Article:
Red Wings are rested, ready to roll this season
The Detroit Red Wings like their chances to chase the Stanley
Cup, keeping the players they wanted from the team that ended last
season strong and adding a few veterans they needed.
Detroit shook off an injury-filled start last year and, when its
roster was finally healthy, went an NHL-best 16-3-2 after the
The Red Wings extended their postseason streak to 19 year, the
longest in sports, but failed to advance to the Western Conference
finals for the first time since 2006.
This year, like most years, the Red Wings have plenty of
experience. Others wonder if the team is too old to go deep into
the playoffs without getting worn out. As the season began this
week, Detroit had the oldest roster in the NHL with an average age
of 31, the only team above 30.
That roster includes six-time Norris Trophy winner Nicklas
Lidstrom (40) and Brian Rafalski (37) on defense.
”They’re older, but I think they’ve shown they still have some
hockey left,” general manager Ken Holland said.
Longtime Dallas star Mike Modano thinks he has some more hockey
to play, too. The 40-year-old Modano decided he wanted to stick
with his day job instead of retiring after the Stars decided he was
no longer wanted. Minnesota and San Jose also gave Modano a chance
to continue his career with them, but he chose to come back
The Livonia, Mich., native has the most points (1,359) by an NHL
player born in the United States, but is coming off his
lowest-scoring season since 1995. He had 14 goals and 30 points in
59 games, fading to being a fourth-line center.
Modano is expected to center Detroit’s third line with Jiri
Hudler and Dan Cleary on the wings.
”A little nervousness,” Modano acknowledged. ”Excited to get
Detroit didn’t make a big splash in free agency, instead
addressing some needs by signing Modano, getting Hudler back after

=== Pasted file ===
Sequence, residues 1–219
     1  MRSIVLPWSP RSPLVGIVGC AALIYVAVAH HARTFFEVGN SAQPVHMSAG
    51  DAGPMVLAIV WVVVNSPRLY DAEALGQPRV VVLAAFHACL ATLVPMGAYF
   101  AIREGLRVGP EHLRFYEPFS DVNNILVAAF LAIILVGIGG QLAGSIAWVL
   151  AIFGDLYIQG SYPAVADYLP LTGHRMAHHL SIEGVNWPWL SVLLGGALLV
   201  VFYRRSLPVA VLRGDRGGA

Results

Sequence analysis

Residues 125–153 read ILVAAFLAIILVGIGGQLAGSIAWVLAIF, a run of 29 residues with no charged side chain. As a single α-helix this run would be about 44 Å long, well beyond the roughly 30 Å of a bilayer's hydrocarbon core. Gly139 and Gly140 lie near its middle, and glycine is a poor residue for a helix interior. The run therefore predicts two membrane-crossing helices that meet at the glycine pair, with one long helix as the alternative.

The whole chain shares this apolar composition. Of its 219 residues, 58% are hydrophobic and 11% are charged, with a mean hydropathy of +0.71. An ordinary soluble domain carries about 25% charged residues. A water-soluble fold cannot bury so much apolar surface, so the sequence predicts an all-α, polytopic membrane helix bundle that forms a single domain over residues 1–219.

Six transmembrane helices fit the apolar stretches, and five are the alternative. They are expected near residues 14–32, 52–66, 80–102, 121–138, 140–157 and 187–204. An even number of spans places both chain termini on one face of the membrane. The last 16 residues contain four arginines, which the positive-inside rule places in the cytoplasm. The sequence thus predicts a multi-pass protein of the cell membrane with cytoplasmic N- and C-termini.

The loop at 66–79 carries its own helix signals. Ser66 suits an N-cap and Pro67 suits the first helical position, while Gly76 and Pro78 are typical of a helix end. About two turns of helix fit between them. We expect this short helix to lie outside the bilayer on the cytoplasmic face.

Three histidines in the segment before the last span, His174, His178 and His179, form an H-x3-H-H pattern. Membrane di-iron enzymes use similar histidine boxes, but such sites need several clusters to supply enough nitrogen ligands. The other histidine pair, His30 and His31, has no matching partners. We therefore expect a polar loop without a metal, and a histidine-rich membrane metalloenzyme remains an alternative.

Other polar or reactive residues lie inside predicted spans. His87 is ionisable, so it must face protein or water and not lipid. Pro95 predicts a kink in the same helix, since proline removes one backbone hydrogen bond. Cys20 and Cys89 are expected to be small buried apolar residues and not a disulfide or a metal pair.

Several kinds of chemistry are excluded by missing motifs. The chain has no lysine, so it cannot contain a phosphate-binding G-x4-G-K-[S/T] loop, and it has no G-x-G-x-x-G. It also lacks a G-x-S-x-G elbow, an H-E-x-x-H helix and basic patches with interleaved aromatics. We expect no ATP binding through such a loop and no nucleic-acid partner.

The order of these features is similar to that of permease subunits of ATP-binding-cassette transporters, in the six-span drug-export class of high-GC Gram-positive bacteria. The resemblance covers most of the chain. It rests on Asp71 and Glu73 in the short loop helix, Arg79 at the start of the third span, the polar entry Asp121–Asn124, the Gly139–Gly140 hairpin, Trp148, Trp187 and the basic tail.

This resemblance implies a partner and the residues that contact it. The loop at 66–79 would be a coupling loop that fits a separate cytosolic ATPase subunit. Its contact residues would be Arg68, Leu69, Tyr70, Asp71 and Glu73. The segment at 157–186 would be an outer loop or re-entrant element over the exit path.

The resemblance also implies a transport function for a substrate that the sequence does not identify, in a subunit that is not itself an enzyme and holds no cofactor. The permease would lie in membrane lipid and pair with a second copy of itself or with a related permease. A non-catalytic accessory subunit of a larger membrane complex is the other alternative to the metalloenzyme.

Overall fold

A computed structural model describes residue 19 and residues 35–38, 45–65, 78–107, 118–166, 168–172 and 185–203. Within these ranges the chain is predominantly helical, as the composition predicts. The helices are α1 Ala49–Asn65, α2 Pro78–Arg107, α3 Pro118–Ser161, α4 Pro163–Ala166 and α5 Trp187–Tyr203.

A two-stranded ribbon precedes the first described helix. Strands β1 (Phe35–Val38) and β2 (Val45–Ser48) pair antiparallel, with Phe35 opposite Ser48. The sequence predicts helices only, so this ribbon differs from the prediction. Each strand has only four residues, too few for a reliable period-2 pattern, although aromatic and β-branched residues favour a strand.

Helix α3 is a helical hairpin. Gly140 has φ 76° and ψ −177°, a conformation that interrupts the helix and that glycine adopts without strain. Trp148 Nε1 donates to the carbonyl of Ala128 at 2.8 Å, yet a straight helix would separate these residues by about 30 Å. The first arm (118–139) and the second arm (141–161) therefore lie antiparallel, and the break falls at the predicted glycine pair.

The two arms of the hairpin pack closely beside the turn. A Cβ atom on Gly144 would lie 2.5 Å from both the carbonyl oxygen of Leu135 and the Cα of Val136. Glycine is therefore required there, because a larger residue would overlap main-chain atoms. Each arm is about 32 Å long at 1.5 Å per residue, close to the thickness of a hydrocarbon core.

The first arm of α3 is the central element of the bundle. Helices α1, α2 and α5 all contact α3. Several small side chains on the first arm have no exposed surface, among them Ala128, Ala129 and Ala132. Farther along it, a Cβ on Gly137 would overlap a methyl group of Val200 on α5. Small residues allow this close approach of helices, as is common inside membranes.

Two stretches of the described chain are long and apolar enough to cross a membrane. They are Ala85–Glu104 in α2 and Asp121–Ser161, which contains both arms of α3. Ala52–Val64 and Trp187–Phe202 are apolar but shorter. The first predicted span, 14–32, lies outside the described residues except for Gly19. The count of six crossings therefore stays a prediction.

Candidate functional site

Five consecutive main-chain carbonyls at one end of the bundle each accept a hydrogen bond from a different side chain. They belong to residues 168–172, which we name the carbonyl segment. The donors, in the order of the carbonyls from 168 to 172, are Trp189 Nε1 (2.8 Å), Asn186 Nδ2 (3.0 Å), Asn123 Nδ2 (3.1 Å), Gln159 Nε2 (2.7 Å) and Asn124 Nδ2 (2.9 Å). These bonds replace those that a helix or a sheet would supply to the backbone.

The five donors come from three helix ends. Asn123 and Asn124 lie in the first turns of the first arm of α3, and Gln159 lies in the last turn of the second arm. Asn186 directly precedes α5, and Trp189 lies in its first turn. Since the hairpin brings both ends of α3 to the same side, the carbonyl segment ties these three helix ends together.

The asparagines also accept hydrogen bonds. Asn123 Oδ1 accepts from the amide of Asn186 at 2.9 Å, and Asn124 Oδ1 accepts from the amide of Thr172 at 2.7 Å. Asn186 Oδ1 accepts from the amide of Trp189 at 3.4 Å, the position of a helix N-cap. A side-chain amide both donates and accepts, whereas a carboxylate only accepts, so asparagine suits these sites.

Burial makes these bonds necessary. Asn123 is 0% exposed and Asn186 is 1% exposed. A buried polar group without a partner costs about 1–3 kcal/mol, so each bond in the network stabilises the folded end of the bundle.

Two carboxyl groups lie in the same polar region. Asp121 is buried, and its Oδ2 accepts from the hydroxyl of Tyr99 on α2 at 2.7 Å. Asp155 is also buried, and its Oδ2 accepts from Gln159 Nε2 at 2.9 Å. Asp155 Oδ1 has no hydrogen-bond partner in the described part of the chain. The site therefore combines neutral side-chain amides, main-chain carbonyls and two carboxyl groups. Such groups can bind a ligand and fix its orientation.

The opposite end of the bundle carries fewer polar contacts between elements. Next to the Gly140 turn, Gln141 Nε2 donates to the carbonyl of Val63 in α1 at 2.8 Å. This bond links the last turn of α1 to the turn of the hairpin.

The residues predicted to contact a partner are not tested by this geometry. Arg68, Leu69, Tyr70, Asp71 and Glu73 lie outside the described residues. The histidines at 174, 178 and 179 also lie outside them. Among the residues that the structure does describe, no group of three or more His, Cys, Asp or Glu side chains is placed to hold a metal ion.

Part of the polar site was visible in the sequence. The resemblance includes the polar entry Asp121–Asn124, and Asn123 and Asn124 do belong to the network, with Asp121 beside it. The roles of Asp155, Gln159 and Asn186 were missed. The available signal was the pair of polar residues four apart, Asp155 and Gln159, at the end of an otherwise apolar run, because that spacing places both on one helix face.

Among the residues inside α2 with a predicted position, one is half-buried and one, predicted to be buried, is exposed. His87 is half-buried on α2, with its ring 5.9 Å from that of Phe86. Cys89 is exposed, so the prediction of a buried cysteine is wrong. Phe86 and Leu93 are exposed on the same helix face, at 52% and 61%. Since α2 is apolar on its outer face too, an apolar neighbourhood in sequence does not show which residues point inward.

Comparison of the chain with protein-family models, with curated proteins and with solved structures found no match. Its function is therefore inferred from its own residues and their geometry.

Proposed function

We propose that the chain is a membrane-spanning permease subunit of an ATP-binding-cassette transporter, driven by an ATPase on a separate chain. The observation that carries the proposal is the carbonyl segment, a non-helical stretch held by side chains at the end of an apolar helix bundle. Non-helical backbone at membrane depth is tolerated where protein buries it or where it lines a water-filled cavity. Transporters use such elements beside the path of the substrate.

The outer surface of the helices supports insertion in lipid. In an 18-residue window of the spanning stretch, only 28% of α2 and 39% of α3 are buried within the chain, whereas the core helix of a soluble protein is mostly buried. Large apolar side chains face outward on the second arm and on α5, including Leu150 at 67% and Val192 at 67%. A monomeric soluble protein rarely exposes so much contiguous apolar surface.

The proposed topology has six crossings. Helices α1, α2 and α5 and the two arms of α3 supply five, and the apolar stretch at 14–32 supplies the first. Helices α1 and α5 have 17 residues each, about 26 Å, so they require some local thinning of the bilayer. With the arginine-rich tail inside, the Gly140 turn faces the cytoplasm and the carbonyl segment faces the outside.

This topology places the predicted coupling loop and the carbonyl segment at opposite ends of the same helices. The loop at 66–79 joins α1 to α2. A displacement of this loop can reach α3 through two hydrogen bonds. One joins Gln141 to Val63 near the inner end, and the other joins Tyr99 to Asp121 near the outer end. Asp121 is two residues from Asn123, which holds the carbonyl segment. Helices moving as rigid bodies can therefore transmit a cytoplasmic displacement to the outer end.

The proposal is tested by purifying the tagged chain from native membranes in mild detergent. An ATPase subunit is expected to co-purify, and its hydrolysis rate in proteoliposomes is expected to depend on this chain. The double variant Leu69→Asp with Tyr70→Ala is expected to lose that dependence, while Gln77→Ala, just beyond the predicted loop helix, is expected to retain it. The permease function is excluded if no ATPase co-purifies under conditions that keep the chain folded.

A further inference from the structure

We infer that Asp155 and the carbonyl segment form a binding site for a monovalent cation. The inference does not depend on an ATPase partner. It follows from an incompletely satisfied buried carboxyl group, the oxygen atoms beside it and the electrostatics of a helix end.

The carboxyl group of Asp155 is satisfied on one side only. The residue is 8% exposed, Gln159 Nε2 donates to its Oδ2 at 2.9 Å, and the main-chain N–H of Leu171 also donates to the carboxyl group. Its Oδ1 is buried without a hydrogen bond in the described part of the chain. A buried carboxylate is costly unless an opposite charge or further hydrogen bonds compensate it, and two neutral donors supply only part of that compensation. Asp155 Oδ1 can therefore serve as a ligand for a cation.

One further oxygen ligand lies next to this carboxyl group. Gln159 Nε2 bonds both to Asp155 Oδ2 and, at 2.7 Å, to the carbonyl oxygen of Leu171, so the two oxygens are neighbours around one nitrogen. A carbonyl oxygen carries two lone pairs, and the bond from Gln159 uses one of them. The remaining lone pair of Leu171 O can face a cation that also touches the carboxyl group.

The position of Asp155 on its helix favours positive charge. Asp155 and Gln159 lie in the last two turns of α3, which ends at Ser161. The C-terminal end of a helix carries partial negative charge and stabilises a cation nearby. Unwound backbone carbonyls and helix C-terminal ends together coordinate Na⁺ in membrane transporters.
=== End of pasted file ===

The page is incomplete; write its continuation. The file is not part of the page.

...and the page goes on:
one season in Russia and adding defenseman Ruslan Salei. Tomas
Holmstrom and Todd Bertuzzi were brought back to bolster the front
The Red Wings, who open the season Friday night at home against
Anaheim, found out just how tough it is to earn victories last
year. They hoisted the Stanley Cup in 2008 and came within a win of
repeating, then lost players – such as Marian Hossa and Mikael
Samuelsson – who combined to score 88 goals.
Detroit was counting on young players to play complimentary
roles, but they weren’t quite ready to do more when Johan Franzen,
Cleary, Nicklas Kronwall and Holmstrom were among the many
banged-up skaters on the injured list.
The Red Wings, though, didn’t fall apart and ended up winning a
series as the fifth seed in the playoffs.
Adding players – while the Stanley Cup champion Chicago
Blackhawks were one of the teams that saw many stars leave – has
given Detroit confidence.
Red Wings coach Mike Babcock, though, doesn’t want his players
to simply think their talent will shine as soon as they step on the
”We need to understand that you can’t skill your way around the
rink,” Babcock said. ”You have to work.”
Holland also hopes forwards Henrik Zetterberg and Pavel Datsyuk
can bounce back from 70-point seasons and produce like stars again
with an improved surrounding cast.
”We really need Hank and Pavel to give us 85-plus points,”
In goal, Detroit is counting on Jimmy Howard starting off how he
finished last season, ranking among league leaders in wins,
goals-against average, save percentage and being a candidate for
rookie of the year.
Detroit gave up 2 1/2 goals a game last season and believes
that’s a key for the storied franchise to have another special
”We know we’re capable of doing it,” said Lidstrom, who has
helped the Red Wings win four Stanley Cups since 1997. ”It’s just
a matter of doing it now.”